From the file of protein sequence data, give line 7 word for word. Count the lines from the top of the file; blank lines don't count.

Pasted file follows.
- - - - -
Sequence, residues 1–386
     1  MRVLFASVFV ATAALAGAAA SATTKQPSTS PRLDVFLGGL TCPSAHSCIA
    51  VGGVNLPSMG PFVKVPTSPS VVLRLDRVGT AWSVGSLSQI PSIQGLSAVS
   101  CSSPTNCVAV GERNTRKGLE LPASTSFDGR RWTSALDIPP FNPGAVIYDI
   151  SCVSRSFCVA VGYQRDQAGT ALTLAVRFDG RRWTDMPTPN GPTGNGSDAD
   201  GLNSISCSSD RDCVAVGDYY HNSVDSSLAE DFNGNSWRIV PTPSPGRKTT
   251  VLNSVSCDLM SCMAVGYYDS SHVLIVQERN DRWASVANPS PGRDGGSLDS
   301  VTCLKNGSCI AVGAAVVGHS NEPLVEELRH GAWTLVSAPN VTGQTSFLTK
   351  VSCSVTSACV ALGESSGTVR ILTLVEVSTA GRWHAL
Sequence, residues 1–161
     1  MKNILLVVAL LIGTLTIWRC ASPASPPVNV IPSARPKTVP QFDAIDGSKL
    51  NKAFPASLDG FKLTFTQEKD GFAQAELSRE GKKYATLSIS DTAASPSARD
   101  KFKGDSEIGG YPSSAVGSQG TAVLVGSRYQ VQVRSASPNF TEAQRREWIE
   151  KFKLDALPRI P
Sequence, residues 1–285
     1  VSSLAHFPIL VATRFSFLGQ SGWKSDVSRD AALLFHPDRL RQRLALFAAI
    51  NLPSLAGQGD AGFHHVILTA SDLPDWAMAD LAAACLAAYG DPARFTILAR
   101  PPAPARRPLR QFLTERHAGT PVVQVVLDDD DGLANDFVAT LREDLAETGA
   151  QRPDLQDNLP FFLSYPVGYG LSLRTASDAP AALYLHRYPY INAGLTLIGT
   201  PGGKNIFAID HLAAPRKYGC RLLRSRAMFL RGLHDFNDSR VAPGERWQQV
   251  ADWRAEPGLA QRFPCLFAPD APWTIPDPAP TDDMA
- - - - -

   251  VLNSVSCDLM SCMAVGYYDS SHVLIVQERN DRWASVANPS PGRDGGSLDS